Tears came to Leverne McLean's eyes Monday when he spotted the nasogastric tube in President Reagan's nose in a newspaper photo. He remembered how a similar tube had felt when he awoke after having the same operation in November 1982.
"I know what he's going through," he said.
McLean, a 43-year-old food clerk at a Northwest Washington Safeway, was one of several people interviewed who have undergone the operation -- a right colectomy -- for cancer or for precancerous growths. All have been following the news of Reagan's hospitalization eagerly, comparing reports of his progress with their own.
Besides wishing him well, several wanted to offer advice.
"I'd tell him to walk," said Agnes Hutchison, 65, a retired medical-records specialist from Chevy Chase who had surgery in September 1984. "Every pain I had, everybody told me, 'Walk,' so I just about wore out the halls of Sibley Hospital . That's what did the trick. That's what brings the system back to normal."
Several former patients said they doubted that Reagan will feel like riding a horse by mid-August, during his scheduled vacation at his California ranch.
"I don't think I would suggest that," said James J. Seaberry, 67, a Chicago lawyer whose operation in May 1982 differed slightly in that it was done to remove a growth on the left side. "There's a certain vibration and jarring when you ride a horse, and that's not good for the incision," Seaberry said. "It does irritate the insides."
Most of those who had undergone right colectomies said their energy level returned to normal one to two months after the operation.
Based on their own experiences, they found the public statements by Reagan's doctors about his recovery realistic.
"He has a lot of stamina," said McLean, who went back to work lifting cartons of produce about two months after his operation. "He'll bounce back. I was able to. I do a lot of physical work. His work is more or less mental."
But Dr. Jesse Edwards, 74, a professor of pathology at the University of Minnesota Medical School who had a right colectomy in May 1983, said he thought that Reagan's physicians and aides were overestimating the capacities of someone who had just been through a serious operation.
"During the whole hospitalization you're not feeling well," he said. "You're getting no solid food. Your belly is still sore. You're washed out."
Edwards said he thought that having staff members come into the president's hospital room to confer and ask questions "would be a tremendous drain . . . . I can't envision, during the entire period he's in the hospital, that he's going to be up to doing very much listening and thinking and considering . . . . "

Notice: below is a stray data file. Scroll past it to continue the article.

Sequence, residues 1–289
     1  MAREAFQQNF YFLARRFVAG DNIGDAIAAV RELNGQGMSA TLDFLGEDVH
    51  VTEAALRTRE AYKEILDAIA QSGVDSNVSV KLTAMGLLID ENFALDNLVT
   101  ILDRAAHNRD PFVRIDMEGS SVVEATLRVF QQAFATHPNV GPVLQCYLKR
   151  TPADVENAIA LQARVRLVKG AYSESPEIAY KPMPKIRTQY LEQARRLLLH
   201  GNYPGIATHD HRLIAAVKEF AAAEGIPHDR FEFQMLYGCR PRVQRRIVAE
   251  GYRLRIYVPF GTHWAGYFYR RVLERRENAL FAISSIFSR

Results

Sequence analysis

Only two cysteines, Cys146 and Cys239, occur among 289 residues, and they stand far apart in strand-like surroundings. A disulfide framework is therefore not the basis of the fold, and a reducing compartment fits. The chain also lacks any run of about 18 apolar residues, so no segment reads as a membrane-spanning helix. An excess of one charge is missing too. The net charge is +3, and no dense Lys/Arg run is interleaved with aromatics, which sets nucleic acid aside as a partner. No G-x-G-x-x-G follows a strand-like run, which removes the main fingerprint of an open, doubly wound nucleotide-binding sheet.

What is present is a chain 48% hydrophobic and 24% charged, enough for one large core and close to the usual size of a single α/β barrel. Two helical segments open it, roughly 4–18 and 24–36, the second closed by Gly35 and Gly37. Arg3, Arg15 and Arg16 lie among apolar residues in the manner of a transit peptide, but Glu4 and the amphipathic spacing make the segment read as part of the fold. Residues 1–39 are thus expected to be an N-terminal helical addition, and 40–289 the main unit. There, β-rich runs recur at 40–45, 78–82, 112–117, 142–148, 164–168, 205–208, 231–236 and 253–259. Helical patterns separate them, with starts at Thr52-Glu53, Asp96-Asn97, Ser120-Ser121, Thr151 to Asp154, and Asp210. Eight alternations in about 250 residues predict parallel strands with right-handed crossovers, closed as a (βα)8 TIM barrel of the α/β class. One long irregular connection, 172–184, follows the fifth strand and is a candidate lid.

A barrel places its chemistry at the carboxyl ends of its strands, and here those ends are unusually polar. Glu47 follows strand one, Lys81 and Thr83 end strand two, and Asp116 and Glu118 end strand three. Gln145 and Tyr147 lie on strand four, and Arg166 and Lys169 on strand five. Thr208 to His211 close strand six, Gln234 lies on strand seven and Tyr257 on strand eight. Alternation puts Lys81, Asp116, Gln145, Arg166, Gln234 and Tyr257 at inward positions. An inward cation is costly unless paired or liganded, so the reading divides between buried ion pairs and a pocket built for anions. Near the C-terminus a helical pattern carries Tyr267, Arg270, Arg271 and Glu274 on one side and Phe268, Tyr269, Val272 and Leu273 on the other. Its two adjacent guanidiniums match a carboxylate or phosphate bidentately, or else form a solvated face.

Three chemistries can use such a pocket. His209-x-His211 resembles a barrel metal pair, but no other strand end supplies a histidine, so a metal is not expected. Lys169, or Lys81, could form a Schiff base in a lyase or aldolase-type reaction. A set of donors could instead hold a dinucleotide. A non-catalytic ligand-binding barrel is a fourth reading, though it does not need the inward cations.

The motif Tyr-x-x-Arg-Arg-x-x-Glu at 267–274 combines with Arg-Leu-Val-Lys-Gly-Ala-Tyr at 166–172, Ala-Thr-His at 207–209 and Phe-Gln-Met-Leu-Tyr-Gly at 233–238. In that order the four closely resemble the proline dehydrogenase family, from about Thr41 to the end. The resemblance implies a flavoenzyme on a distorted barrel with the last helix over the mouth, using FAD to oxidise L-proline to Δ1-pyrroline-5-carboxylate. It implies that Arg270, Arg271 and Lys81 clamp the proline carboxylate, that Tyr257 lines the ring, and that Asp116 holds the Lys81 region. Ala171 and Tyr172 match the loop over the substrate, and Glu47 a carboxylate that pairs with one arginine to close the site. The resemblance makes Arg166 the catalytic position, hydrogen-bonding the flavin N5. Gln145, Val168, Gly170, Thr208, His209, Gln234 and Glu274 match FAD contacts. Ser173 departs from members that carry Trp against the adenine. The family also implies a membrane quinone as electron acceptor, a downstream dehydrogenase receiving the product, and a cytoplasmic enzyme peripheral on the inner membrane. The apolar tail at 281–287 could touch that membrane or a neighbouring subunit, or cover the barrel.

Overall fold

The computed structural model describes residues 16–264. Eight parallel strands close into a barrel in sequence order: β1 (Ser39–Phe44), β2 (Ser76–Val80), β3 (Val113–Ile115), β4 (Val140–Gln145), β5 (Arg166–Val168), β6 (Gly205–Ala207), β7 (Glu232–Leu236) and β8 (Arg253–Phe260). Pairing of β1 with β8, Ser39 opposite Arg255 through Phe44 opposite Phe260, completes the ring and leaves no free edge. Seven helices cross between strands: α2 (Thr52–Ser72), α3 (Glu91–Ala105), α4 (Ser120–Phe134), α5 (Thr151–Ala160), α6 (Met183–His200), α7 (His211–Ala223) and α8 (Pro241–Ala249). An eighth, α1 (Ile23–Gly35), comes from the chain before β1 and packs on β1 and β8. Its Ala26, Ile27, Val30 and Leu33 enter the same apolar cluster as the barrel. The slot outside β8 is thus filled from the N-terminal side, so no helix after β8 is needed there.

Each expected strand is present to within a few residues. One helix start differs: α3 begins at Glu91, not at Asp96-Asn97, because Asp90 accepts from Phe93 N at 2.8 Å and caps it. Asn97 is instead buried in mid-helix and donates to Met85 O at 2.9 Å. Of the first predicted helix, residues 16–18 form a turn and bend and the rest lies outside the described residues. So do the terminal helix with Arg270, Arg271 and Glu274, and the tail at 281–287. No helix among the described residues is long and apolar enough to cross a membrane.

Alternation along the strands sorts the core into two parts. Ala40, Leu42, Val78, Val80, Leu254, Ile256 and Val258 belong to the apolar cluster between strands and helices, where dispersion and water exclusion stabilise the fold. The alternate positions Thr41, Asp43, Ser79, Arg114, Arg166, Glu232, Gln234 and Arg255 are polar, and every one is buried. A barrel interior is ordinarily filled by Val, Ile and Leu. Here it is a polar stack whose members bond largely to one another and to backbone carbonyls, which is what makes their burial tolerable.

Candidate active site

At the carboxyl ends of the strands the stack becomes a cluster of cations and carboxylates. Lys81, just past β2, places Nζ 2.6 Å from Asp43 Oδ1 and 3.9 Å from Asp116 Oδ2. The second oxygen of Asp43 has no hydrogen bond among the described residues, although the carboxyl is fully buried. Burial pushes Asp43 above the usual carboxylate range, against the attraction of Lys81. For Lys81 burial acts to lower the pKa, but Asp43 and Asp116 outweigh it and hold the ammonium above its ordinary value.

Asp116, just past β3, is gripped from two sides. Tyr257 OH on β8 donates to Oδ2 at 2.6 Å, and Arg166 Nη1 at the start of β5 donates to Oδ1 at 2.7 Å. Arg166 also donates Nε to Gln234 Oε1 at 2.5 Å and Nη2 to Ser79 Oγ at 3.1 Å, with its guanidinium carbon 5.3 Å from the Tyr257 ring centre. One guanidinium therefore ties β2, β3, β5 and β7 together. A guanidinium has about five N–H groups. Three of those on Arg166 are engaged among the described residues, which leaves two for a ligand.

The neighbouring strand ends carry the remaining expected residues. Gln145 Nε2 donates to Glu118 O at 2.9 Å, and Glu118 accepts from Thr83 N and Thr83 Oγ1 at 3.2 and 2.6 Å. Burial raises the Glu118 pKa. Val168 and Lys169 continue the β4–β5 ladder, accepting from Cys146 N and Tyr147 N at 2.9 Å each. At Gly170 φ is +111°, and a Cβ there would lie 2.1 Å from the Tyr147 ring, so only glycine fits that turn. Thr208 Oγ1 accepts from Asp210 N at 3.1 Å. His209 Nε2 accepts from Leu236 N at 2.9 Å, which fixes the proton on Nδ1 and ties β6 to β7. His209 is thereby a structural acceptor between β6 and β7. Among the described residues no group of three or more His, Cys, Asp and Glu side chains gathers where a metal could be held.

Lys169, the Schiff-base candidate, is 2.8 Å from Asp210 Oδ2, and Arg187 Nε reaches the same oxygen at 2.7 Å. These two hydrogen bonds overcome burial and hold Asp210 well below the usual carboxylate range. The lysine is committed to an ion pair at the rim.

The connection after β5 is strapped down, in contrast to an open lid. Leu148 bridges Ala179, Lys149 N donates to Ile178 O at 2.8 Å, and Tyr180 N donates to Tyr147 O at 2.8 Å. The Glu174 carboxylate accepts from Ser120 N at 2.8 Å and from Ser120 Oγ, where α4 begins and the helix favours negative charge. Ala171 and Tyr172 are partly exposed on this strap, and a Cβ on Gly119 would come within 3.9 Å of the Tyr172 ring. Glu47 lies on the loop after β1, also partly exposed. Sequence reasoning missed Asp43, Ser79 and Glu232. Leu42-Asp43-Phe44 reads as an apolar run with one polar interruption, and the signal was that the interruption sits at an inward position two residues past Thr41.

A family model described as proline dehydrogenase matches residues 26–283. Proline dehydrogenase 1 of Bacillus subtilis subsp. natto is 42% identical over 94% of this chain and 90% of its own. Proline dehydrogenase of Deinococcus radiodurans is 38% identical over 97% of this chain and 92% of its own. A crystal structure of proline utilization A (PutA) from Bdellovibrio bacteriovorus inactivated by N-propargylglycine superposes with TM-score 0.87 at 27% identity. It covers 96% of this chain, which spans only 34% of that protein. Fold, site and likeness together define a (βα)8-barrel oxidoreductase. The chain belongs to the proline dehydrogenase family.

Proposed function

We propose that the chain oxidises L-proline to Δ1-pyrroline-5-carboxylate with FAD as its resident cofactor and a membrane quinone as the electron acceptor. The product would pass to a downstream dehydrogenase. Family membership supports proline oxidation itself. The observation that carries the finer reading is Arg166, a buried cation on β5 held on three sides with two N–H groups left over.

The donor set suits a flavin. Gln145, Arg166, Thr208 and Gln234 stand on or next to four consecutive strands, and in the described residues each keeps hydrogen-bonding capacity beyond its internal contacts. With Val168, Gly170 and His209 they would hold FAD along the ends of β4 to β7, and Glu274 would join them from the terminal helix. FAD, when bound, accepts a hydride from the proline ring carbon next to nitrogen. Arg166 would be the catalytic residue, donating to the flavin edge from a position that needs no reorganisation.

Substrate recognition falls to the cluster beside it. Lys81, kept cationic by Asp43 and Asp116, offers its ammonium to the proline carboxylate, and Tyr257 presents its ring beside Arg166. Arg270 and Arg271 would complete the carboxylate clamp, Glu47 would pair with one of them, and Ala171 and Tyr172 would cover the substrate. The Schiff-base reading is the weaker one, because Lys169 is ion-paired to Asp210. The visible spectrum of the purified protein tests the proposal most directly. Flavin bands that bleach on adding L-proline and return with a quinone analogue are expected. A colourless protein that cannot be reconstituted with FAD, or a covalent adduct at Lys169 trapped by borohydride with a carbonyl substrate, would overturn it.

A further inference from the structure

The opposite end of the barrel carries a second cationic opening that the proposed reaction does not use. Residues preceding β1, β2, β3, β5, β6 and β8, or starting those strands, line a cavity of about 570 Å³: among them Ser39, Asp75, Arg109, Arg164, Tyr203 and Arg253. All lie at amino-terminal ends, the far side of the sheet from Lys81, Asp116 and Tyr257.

Edwards and the others interviewed said pain was not a major problem after the operation. None experienced severe abdominal pain, although all had some soreness at the site of the incision, especially when they tried to get in and out of bed.
They recalled being eager for the bowels to resume functioning, so that the nasogastric tube -- used to keep the stomach empty of gas and fluid after surgery -- could be removed and they could begin to eat.
Edwards said that, much to his surprise, when he was allowed to eat "food didn't taste very good at first, although I was hungry and anxious for it." The next morning, however, "they gave me an ordinary breakfast and I wished I could have some more."
Like Reagan, several of those interviewed had to come to terms with the news of cancer soon after their surgery. "When they told me . . . I don't like that word, 'cancer,' " said Agnes Foster, 73, a Riverton, N.J., housewife who had a right colectomy last December at Georgetown University Hospital. "But when they told me everything was all right, I felt more at ease."
"I never was terribly upset with the word given to me that I had cancer," Edwards recalled. "For one reason, somehow the word 'small' kept slipping in . . . . I got a certain amount of solace from that, though, as a pathologist, I had seen cancers smaller than your little finger that spread all over the body like crazy."
McLean said that until his operation, his doctors thought he had a different disorder, Crohn's disease. After his surgery, his physician, Dr. LaSalle D. Leffall of Howard University Hospital, told McLean's wife that he had had cancer.
"She knew. I didn't," he said. "My recovery probably went better because I didn't know until I went back for my checkup."
All of those interviewed predicted, based on their own experiences, that Reagan would tire easily for several weeks. They offered opinions about how stress might affect his recovery.
"Nobody knows how hard it is to be president," said Dr. Saul L. Fox, a semiretired physician in Los Angeles who had a right colectomy. Fox, who declined to give his age but said he was "younger than the president," said stress would be a more important factor for a heart-attack victim than for a patient recovering from intestinal surgery. "You can get a heart attack from stress, but you can't get cancer from stress," he said.
Hutchison expressed confidence that Reagan would be able to pace himself. "From what I read, there are a lot of pressures on him, but I think he's a man who seems able to deal with it," she said. "I have a feeling he'll do just fine, the way he did after the assassination attempt."
Reagan underwent surgery in 1981 to remove a bullet from his chest.
Edwards said he doubted the president would have energy for public appearances soon, although White House spokesman Larry Speakes said Reagan plans to greet President Li Xiannian of China next Tuesday. "If a man had a choice for an occupation following a cancer operation," Edwards said, "I would not pick president of the United States."